Is there a scientific explanation as to why some cars run more efficiently with a full gas tank?In my little Nissan Versa, the recorded difference is extraordinary:  41 mpg with a full tank and...

Is there a scientific explanation as to why some cars run more efficiently with a full gas tank?

In my little Nissan Versa, the recorded difference is extraordinary:  41 mpg with a full tank and only 35 mpg with an almost-empty tank!

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brettd's profile pic

brettd | High School Teacher | (Level 2) Educator Emeritus

Posted on

Can't improve much on the answer above, but since a full tank weighs more than 100 lbs, it could be the car rides lower with a full tank, more air over the car and less under it (like an Indy car), making it more aerodynamic, reducing drag and increasing mileage?  Just a though from someone who is definitely not a scientist.

justaguide's profile pic

justaguide | College Teacher | (Level 2) Distinguished Educator

Posted on

I do not think there is any scientific explanation to why you get increased fuel efficiency with a full tank rather than with an almost empty one.

The issues involved here are the following:

A full tank has more fuel than an empty tank. That increases the mass of your car and as a result should actually reduce the mileage of your car. But when you compare the mass of the fuel in the car with the total weight of your automobile you will see that the mass of half a fuel tank of gasoline is negligible compared to the mass of your car. As a result the change in mass due to the fuel cannot explain the pretty large change in mileage of your car.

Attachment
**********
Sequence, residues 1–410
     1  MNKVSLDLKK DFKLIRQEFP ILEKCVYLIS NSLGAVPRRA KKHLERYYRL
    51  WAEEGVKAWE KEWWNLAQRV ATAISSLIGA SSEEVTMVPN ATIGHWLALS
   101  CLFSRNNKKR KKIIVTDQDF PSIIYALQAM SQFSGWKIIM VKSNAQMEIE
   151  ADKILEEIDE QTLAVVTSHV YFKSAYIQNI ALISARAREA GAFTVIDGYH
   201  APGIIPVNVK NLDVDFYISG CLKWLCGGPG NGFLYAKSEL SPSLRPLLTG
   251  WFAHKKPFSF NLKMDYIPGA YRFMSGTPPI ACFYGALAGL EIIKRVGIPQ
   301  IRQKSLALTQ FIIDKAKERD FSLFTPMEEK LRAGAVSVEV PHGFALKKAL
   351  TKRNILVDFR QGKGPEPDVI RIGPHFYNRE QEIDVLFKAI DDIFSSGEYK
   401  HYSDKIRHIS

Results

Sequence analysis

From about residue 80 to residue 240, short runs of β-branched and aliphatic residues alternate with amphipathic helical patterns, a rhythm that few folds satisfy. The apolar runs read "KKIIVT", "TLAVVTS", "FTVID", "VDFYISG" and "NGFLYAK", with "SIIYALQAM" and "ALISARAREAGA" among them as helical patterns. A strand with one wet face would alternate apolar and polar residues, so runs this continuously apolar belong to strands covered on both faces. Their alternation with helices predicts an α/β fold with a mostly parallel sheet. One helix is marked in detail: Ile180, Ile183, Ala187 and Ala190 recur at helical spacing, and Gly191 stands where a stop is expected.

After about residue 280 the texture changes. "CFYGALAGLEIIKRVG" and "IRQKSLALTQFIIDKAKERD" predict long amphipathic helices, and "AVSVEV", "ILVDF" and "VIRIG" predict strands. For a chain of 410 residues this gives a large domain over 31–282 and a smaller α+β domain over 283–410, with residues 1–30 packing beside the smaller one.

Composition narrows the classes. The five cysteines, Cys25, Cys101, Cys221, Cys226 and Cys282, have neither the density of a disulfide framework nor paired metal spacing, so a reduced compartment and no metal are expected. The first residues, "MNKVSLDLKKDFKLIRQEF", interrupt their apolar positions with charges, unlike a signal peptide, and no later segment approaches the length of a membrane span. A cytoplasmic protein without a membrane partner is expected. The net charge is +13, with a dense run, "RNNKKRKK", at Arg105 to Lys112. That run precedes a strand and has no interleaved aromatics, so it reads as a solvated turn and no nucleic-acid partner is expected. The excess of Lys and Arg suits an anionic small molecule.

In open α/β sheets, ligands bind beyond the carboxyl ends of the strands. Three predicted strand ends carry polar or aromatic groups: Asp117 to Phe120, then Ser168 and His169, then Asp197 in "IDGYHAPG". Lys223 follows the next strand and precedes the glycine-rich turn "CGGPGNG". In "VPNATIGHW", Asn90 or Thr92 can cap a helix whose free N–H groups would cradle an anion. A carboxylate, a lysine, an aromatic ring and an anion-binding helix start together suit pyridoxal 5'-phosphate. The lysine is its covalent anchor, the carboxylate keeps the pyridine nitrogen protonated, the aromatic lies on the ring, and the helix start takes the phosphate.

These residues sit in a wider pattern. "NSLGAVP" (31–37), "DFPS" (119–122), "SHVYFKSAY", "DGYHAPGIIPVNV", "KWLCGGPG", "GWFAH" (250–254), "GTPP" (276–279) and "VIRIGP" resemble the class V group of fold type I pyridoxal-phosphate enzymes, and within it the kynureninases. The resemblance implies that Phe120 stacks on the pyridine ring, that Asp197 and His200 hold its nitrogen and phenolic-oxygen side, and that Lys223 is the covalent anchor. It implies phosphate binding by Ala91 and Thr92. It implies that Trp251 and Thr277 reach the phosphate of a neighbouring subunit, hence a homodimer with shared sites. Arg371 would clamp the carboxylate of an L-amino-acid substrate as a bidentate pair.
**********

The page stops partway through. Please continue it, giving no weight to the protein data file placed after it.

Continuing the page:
The second point to consider is the fact that fuel tanks in cars are designed to expel any fuel that evaporates. As the gas tank gets empty more of the empty space is filled with gas fumes and the result should be an increased loss in fuel. But the amount of fuel lost here, according to studies, is around 0.000952 gallon /year per tank which again is negligible. Also, modern cars are usually designed to direct the gas fumes back to the engine and there is practically no reason why this should affect mileage.

What could explain the difference is the fact that fuel tanks do not have a linear level sensor, i.e. the sensors used to detect the amount of fuel in the tank are non-linear in nature. When your fuel gauge shows that the tank is half full it actually is around two thirds empty. You unknowingly use more fuel by the time your fuel gauge drops from full to half empty. As there is around one third the fuel left when your gauge shows a half full tank, you would be able to travel a lesser distance with it. This can in a way explain the large difference in mileage. This explanation though is based on the assumption that your fuel level sensor is in reality a non-linear one.

Keeping the change in mileage based on fuel level aside, it would be much better to focus on things that have been scientifically proven to alter mileage like driving at an optimal speed, reducing the usage of your brakes, reducing the use of air conditioning, etc.

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